When I was growing up, my parents never talked to me or my sister very often about money. We knew we had to save, in order to pay for our flights back to Taiwan to visit family, but we were never privy to the numbers.
We shut off our heat at night in the winter and bundled up. We used fans instead of the air conditioner in the summer. We weren’t poor by any stretch, we simply cut back in some unimportant areas so that we could afford the important ones.
To this day I have no idea what my parents earn each year but I knew that through diligent saving and intelligent spending, we could afford the important things in life.
Today, if you didn’t have the money, you might pay for a flight with a credit card and pay it off over time. My parents saved up for our trips back, which happened about every four years.
That tradition of saving. That tradition of trade offs has helped shape my own relationship with money.
My parents may not have talked to us about money but we learned a tremendous amount by watching what they did. We realized that we could afford the things that were important as long as we ensured we cut the unimportant things to the absolute minimum.
As I thought about what financial health means to me, I realize that it ultimately comes down to control. I want to make smart financial decisions so that I can control the trajectory of my life.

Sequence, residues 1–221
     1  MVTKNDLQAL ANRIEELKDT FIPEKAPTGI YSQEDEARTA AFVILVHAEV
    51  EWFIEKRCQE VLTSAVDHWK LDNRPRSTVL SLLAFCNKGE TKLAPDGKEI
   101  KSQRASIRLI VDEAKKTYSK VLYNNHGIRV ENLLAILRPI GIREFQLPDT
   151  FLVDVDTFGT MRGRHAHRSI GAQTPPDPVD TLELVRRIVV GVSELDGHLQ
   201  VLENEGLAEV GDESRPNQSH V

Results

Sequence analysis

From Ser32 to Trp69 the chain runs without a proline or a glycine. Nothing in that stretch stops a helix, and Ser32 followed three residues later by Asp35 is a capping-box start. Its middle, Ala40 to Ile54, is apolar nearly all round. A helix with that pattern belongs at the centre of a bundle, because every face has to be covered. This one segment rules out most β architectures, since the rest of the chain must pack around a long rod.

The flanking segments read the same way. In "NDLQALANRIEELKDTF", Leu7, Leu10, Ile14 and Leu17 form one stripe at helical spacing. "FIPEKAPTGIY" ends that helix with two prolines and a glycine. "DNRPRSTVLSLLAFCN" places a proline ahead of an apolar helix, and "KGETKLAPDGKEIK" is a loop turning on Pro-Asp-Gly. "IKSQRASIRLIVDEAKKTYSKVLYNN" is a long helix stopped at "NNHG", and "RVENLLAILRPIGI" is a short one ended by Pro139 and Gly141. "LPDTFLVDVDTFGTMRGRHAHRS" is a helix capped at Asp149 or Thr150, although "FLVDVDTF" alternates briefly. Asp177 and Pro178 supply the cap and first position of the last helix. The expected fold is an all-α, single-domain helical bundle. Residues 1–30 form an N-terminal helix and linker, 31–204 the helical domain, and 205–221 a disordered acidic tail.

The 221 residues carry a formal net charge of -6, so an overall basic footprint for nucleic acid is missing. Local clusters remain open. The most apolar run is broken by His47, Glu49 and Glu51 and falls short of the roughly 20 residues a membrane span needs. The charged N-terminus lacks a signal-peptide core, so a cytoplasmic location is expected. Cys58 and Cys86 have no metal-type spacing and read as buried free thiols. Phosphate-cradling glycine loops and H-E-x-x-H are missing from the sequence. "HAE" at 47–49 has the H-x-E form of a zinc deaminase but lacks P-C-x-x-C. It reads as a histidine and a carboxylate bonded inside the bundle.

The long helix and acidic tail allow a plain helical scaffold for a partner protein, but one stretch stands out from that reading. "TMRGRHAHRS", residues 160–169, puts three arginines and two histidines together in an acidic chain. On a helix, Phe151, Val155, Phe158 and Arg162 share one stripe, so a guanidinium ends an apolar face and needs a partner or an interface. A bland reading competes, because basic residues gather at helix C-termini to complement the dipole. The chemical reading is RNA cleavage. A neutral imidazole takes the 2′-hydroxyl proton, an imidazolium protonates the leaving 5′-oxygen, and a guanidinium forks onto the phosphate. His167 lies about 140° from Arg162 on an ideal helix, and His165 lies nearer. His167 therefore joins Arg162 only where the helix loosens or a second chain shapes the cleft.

Money is the physical manifestation of a more valuable resource – time. Time is limited and non-renewable. Whether you believe that we all have 1 billion heartbeats or some other number, we can all agree that we won’t live forever. By being financially healthy and responsible, you can better manage your own time and control what you work on and where you work on it.
By saving into an emergency fund, your life and your finances aren’t blown up with every minor emergency. By avoiding credit card debt, you avoid overpaying for every day expenses. By knowing your credit score before you apply for a loan, you can take steps to improve it and pay far less in your borrowing.
When you aren’t financially healthy, you lose control. You are forced to work longer hours to pay down expensive credit card debt. Minor emergencies become major emergencies because you’re forced to scramble to come up with the funds to weather them. Small problems compound and it almost feels like the world is conspiring against you.
What are some ways in which we maintain financial health?
The first and most important step is maintaining a money infrastructure that protects us:
- Fully funded emergency fund – to handle those emergencies that fall outside of insurances
- Homeowners, auto, umbrella liability insurance – to protect our home and cars, plus umbrella liability for anything that exceeds those coverages
- Plan for near-term funding needs – I struggled to name this item but these are savings accounts set up for things we may need in the near future. For example, we knew that our hot water heater was near the end of its useful life. To prepare, we starting saving up for it and we requested quotes from nearby companies. When it does fail, we’ll have the quotes ready and the money prepared.
The Center for Financial Services Innovation, who is coordinating a #FinHealthMatters campaign, states that “Households that plan ahead for large, irregular expenses are 10 times as likely to be in the financially healthy segments than those that do not plan ahead.” We aim to be in the camp that is able to plan and prepare for every irregular expenses.
What does Financial Health mean to you?